Monday, July 12, 2010

HARVEY PEKAR. He was a professional curmudgeon who bragged, often aggressively, on his working-class roots ("One day I had to fight five guys") and "fucked up a great thing" with Letterman mainly because he couldn't stomach even the appearance of kissing ass. But make no mistake, Harvey Pekar was a poet. The American Splendor comics with which the recently deceased Pekar made his name are full of incidents and conversations that the rest of us might have found dull, or merely diverting, if we had viewed them without Pekar's illumination. As it was, he made even the mumbled how's-it-going talk from street corners and cafeterias sing.

I don't have any of them on hand, but I remember several American Splendor stories with pleasure. I'm thinking now of one episode in which Harvey runs into a bearded day-laborer buddy (I think Gary Dumm drew this) who tells him how he got a job by making it clear in the interview that "I don't give a shit." Even in real life the story would tickle you -- the laborer puts his feet on the interviewer's desk, looks him straight in the eye, and throws a match in the wastebasket, setting it on fire -- but Pekar and Dumm highlight many small unnecessary beauties in it that give it more than anecdotal life. For instance, the worker explains that he immediately quit the job -- "They wanted me to be a human screwdriver. Fuck that!" -- and makes a sharp chopping gesture which is emphasized in the comic by a motion line. The gesture pops for us probably like it did for Pekar when he was listening and watching, and tells us something about the character. (I still wonder about that guy. He wore old-fashioned glasses, and smoked a pipe.)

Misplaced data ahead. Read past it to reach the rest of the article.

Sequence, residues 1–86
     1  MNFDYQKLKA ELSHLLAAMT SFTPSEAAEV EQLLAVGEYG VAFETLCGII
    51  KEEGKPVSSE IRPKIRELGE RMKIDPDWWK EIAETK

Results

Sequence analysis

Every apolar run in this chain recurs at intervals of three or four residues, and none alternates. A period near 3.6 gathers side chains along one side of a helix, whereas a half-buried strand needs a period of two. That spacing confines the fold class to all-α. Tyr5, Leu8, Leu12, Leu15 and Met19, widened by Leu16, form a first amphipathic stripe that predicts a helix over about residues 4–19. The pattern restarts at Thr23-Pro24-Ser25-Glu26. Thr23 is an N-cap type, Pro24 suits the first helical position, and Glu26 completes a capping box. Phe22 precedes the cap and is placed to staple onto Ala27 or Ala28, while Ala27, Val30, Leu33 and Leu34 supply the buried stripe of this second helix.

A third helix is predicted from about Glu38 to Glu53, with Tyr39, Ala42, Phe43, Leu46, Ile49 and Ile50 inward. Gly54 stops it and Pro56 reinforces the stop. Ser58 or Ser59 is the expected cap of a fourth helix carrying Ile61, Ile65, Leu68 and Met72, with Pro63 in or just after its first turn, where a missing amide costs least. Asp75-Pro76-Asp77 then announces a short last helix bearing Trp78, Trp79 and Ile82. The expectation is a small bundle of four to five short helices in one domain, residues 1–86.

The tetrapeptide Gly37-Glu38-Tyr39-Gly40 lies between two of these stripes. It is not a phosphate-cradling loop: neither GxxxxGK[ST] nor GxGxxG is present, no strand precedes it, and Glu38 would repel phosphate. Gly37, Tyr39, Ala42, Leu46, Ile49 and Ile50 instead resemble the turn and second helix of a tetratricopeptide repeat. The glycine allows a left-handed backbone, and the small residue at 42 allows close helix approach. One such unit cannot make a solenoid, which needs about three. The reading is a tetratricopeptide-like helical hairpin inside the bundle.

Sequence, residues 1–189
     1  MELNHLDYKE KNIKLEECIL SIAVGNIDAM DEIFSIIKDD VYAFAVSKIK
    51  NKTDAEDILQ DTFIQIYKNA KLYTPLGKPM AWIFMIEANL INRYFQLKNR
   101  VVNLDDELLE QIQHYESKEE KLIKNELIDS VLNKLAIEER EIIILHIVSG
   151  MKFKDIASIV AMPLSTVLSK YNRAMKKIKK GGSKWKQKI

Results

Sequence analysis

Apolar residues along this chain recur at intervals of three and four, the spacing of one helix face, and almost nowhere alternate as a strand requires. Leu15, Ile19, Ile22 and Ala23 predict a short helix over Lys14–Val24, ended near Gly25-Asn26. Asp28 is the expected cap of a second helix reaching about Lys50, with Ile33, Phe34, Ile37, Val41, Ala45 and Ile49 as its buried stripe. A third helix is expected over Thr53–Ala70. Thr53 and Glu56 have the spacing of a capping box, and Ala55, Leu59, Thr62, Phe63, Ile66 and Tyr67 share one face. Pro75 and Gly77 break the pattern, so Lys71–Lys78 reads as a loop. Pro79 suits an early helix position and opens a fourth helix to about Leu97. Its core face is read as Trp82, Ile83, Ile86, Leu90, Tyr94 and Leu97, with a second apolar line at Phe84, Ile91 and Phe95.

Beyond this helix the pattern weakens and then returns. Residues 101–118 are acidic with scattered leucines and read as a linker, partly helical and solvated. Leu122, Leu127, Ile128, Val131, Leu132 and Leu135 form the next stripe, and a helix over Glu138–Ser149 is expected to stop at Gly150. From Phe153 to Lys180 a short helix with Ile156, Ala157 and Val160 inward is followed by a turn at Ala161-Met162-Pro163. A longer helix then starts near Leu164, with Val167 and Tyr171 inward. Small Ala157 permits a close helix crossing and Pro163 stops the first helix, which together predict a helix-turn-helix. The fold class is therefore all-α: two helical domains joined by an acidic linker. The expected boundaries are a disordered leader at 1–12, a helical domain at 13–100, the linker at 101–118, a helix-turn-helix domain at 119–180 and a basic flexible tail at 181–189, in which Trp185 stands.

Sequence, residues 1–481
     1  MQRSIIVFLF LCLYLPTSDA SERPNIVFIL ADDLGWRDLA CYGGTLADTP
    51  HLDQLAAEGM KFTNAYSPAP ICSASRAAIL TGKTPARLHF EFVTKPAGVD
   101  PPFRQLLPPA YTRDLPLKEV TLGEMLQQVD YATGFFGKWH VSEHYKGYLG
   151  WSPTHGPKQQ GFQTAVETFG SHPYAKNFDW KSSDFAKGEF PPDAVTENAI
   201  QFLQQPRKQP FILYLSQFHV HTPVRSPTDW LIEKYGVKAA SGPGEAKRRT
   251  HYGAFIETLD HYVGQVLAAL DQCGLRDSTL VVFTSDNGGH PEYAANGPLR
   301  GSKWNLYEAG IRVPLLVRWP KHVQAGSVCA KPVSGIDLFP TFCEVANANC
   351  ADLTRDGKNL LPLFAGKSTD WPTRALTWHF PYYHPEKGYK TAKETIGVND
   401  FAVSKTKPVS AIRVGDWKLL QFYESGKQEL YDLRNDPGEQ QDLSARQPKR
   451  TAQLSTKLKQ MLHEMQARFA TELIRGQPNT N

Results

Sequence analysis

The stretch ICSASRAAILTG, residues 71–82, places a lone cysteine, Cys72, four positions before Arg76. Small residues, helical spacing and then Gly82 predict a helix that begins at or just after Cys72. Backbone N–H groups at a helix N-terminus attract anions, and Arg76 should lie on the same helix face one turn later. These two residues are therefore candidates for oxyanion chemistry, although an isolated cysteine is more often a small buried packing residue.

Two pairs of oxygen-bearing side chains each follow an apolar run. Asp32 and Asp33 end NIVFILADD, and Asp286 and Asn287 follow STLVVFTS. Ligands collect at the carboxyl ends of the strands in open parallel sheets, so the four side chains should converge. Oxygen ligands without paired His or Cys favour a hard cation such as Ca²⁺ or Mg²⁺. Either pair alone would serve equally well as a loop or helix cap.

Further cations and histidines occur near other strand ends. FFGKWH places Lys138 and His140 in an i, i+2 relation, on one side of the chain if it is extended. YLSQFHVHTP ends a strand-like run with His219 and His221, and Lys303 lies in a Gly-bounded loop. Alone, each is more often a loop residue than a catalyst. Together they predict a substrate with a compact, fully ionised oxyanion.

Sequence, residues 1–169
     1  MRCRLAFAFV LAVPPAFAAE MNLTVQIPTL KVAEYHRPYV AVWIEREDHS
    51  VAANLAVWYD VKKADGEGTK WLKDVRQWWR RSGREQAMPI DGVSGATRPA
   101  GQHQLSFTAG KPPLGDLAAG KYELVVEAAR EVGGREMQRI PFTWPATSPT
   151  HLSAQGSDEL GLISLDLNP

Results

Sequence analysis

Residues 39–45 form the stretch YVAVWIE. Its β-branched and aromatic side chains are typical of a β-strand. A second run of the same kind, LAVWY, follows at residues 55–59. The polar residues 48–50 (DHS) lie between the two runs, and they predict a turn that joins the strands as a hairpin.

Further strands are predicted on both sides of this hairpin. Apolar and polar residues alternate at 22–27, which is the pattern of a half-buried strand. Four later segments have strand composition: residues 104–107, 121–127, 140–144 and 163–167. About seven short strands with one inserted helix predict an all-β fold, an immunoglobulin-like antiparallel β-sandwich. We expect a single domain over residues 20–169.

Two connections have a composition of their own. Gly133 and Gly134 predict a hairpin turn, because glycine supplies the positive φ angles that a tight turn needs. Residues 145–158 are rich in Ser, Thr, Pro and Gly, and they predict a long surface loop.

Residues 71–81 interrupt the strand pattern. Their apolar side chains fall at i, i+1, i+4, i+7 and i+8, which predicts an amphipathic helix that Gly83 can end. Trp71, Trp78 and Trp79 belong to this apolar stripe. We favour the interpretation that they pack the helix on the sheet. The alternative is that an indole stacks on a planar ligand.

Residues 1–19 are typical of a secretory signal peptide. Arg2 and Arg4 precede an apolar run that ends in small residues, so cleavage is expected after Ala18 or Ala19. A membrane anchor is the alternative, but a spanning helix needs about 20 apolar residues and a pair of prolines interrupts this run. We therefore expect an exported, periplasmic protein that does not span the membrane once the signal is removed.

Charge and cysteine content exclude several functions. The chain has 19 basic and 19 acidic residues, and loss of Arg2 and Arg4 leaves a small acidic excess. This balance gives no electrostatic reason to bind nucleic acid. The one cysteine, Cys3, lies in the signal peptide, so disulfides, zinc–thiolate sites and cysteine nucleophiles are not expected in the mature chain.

And so on, through fights at work, bad dates, cancer, talking to this guy he knows. The stories are pretty good, but it's the privileged moments that stick: The way Harvey plops Joyce's bag in the trunk and slams the hatch, the way his body twists when he yells at a co-worker (and how she calls him "sweetie" though she's totally pissed, which just makes him madder), or the way two girls look at each other when a co-worker tries to sell them pickled okra as a cure for lady problems. Sometimes it looks very proletarian -- after all, his was a working life, and even his artist subjects tended to live in squalor -- and we may be grateful that someone was making art out of the sort of world most of us live in, full of bills and bosses and disorder, rather than the upper-class fantasies most pop crap revolves around. But the joy is not only that he noticed them, but also that his ear and eye exalted them.

The Robert Crumb collaborations usually led, as one might imagine, to more Zen results (like the hospital vignettes: "Bitch, you bettah help me!" "Mister, you keep talking to people like that, you're gonna have a haa-aard way to go!"), which just point up Pekar's gift for detail. Crumb, who can be very astute about these things, said Pekar's work could be "so staggeringly mundane it verges on the exotic," which is only almost right, because the mundane is exotic, always, if you know how to look at it. Pekar knew.

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